Imagine you are walking into San Francisco’s Japanese Gardens. You are surrounded by the most pristinely pruned plants and trees. As you pass by roses, lavender, and eucalyptus you walk out onto the bridge to cross the calm glass like pond. You can’t help but notice the smells gracefully entering into your nose. You glance out your periphery over the next few moments to enjoy the garden aesthetic and you begin to feel more calm, and more relaxed. A subtle yet noticeable difference.
In this example, live chemical evaporating chains coming from the trees and plants are the smells of terpenes. You are now connected to those plants through that chain of molecules. When those chains get into your body through your nose you absorb those terpenes exhibited (aromatherapy).
It is terpenes that create indica and sativa effects in cannabis!
People are generally less familiar with terpenes than cannabis: however, terpenes are vital to the psychoactive and physiological effects of cannabis. Like cannabinoids, terpenes bind to receptors in the brain and stimulate effects like relieving pain, aiding sleep, and reducing inflammation.
“Terpenes play a vital role in the plant kingdom; they deter insect predation, protect plants from environmental stresses, and act as building blocks for more complex molecules, such as cannabinoids. Many terpenes act synergistically with other varieties of terpenes, and some either catalyze or inhibit formation of different compounds within a plant. Understanding how terpenes function allows scientists to manipulate cannabinoids to desired ratios.”
Terpenes have been used for things like aromatherapy in doctor’s offices to casino floors using them to create better gambling experiences. Terpenes are everywhere, 20,000 registered worldwide, and the general public concedes that they have medicinal benefits.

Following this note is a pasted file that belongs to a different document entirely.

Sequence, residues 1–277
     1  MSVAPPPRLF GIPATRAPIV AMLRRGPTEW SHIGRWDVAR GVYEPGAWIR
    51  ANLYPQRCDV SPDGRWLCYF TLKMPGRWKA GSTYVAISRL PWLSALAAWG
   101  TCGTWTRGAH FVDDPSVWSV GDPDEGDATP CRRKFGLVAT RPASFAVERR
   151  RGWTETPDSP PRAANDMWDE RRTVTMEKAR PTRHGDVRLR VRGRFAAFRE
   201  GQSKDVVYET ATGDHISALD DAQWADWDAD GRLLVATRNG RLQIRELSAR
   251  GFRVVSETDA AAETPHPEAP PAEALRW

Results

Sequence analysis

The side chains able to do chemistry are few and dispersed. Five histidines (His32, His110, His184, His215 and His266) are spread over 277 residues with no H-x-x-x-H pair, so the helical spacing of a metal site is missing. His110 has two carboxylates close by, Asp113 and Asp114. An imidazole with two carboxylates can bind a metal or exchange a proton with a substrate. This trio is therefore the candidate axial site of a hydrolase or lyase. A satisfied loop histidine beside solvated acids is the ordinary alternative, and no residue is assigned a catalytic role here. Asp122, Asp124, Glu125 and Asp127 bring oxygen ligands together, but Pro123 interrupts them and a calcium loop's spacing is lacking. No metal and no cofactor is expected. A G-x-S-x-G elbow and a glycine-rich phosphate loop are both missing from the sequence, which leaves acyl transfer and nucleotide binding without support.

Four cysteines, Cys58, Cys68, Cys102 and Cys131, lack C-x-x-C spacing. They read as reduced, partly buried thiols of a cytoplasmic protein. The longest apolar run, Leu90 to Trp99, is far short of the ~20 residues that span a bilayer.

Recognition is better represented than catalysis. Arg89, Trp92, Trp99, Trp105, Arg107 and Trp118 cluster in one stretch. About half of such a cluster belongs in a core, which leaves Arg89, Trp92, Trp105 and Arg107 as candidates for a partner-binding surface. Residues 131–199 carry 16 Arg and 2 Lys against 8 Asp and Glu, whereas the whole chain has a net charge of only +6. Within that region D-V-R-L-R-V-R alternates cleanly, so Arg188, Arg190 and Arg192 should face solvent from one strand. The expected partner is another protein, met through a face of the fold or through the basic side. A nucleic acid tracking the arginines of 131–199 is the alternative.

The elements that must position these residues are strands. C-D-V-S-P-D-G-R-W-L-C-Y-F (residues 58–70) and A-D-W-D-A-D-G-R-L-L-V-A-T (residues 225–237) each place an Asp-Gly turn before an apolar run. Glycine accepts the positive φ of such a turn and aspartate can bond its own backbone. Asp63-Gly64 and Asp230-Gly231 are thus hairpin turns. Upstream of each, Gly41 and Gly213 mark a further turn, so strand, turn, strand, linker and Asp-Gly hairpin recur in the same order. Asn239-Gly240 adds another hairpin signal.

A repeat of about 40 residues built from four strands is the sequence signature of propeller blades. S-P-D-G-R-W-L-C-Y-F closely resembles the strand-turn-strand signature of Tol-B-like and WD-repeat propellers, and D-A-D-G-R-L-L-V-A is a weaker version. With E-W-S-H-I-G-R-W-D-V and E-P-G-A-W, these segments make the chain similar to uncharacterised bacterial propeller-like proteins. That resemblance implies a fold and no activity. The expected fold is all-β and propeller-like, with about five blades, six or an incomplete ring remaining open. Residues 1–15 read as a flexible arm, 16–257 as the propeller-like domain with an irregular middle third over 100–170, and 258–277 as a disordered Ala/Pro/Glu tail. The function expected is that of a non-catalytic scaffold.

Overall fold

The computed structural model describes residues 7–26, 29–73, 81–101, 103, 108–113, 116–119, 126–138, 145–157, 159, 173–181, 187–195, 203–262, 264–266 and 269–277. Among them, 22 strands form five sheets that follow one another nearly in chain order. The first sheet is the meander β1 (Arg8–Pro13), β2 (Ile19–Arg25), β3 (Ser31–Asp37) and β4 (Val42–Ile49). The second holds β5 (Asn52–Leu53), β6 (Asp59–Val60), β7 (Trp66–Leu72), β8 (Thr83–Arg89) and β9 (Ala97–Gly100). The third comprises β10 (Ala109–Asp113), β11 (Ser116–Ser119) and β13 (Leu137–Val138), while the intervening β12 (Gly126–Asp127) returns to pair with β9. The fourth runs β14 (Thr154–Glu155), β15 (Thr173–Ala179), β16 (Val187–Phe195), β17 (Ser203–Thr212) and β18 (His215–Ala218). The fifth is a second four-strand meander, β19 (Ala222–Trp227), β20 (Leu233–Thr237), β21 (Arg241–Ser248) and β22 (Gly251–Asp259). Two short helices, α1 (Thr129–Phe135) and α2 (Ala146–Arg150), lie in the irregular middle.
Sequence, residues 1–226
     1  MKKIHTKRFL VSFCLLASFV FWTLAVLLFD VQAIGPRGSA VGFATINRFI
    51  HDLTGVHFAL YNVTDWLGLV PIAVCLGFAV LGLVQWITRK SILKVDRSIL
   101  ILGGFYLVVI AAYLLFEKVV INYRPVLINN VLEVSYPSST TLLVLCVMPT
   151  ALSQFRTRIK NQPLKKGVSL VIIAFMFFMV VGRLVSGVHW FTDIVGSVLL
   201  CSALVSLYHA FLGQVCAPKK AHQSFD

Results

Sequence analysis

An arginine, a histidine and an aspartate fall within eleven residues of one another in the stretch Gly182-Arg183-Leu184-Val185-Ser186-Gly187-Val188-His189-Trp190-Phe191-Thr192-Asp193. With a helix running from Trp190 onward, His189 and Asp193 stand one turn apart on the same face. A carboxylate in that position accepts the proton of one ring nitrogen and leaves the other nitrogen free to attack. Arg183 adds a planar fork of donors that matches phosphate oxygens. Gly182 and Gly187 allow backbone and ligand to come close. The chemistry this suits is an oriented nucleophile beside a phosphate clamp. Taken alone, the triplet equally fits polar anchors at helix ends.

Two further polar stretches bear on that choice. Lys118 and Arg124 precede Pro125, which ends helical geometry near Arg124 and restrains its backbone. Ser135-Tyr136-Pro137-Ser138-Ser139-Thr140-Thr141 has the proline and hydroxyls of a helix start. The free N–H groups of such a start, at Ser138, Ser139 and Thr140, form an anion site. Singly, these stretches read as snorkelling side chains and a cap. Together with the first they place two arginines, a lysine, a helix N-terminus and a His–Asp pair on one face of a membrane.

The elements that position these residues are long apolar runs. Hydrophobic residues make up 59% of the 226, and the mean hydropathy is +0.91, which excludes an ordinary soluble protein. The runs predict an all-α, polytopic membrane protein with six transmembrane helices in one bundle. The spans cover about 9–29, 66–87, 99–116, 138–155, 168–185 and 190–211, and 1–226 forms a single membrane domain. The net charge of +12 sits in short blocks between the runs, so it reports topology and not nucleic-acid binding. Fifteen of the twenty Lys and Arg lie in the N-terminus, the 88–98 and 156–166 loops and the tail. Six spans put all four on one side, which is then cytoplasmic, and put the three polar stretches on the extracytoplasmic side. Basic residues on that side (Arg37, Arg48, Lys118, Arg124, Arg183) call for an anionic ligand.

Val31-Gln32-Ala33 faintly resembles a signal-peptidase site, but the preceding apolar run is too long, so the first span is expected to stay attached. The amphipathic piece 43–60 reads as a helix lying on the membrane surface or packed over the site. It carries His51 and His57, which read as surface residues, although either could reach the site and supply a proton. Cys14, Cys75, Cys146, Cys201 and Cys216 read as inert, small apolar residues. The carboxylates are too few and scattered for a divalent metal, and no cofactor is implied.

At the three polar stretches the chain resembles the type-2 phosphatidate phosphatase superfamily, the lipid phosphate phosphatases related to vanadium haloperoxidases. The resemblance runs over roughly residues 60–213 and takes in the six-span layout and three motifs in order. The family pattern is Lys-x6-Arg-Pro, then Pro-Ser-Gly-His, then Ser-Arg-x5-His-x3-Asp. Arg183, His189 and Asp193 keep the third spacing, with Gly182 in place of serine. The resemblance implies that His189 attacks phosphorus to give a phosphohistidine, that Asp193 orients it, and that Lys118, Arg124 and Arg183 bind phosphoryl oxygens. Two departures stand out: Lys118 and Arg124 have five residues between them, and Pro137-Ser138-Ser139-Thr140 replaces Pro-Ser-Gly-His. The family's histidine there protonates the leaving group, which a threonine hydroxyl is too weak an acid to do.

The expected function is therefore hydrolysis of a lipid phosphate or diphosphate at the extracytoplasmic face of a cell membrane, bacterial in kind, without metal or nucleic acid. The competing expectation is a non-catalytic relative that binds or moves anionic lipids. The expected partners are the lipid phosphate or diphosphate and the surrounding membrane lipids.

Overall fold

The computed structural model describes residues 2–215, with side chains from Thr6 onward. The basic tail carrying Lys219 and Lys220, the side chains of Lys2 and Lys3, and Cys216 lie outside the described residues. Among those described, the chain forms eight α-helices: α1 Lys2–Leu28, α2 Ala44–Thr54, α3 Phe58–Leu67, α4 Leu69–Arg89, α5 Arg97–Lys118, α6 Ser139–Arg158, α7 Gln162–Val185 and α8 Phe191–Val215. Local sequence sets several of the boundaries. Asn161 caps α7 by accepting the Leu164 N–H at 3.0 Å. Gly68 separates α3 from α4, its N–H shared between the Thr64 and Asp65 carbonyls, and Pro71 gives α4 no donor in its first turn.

In Cannabis, hundreds of different compounds exist and each cultivar (strain) is different. The ratios of these compounds together create what is known in the cannabis community as the “entourage effect”. Meaning that one cannabinoid, let us say THC, when taken alone will certainly get you high, but when you smoke or vape the same THC with something else, let us say CBD, you will notice a different effect. Marinate on that for a sec.
Now, same scenario, same levels of THC and CBD. Then you spice it up adding terpenes such as myrcene (earthy) and Linalool (lavender) to your entourage, you again may notice a difference, overwhelmingly in taste but also maybe a couch lock or sedated type of high. Depending on whether your body likes these particular terpenes, there is a greater chance for a more pleasant experience and better flavor of smoke.
What we have seen at cannabis cups over the last 5–10 years is that the winners are increasingly testing high in terpene content. The highest levels of THC cultivars are not necessarily taking home gold. Instead, the cultivars with the highest terpene content are coming out the winner. Many are reaching 5% in terpenes! Many attribute these wins to better entourage effects and more desirable ratios of cannabinoids and terpene profiles.
We think that in the next 5 years the average person will know their 2–3 favorite terpenes tailored for their different activities. The customer (you) will increasingly be looking for a little CBD to buffer some of the negative side-effects of high THC; such as short-term memory loss and anxiety.
When Moonflower selects its flower products for you, we make sure there is a robust (terpene) profile because we know THC isn’t everything. As category 3 testing comes online this year, 2019, terpenes will be front and center and terpene content will be on full display if brands choose to test for it. People will figure out what they like and as experimentation and consumer tastes begin to be refined, so will the conversation and education.
Food for thought:
Remember: When choosing your flower, “Your nose knows” what your body likes, so like your gut, trust it.